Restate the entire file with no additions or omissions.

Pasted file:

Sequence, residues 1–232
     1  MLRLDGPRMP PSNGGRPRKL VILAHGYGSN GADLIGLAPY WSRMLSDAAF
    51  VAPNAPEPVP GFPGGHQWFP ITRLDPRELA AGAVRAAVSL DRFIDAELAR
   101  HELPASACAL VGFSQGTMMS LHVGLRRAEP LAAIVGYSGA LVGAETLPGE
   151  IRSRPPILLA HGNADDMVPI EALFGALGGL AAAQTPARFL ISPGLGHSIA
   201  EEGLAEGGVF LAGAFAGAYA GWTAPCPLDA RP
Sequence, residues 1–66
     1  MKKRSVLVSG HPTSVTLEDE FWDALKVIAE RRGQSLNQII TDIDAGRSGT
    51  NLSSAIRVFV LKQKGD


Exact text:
Sequence, residues 1–232
     1  MLRLDGPRMP PSNGGRPRKL VILAHGYGSN GADLIGLAPY WSRMLSDAAF
    51  VAPNAPEPVP GFPGGHQWFP ITRLDPRELA AGAVRAAVSL DRFIDAELAR
   101  HELPASACAL VGFSQGTMMS LHVGLRRAEP LAAIVGYSGA LVGAETLPGE
   151  IRSRPPILLA HGNADDMVPI EALFGALGGL AAAQTPARFL ISPGLGHSIA
   201  EEGLAEGGVF LAGAFAGAYA GWTAPCPLDA RP
Sequence, residues 1–66
     1  MKKRSVLVSG HPTSVTLEDE FWDALKVIAE RRGQSLNQII TDIDAGRSGT
    51  NLSSAIRVFV LKQKGD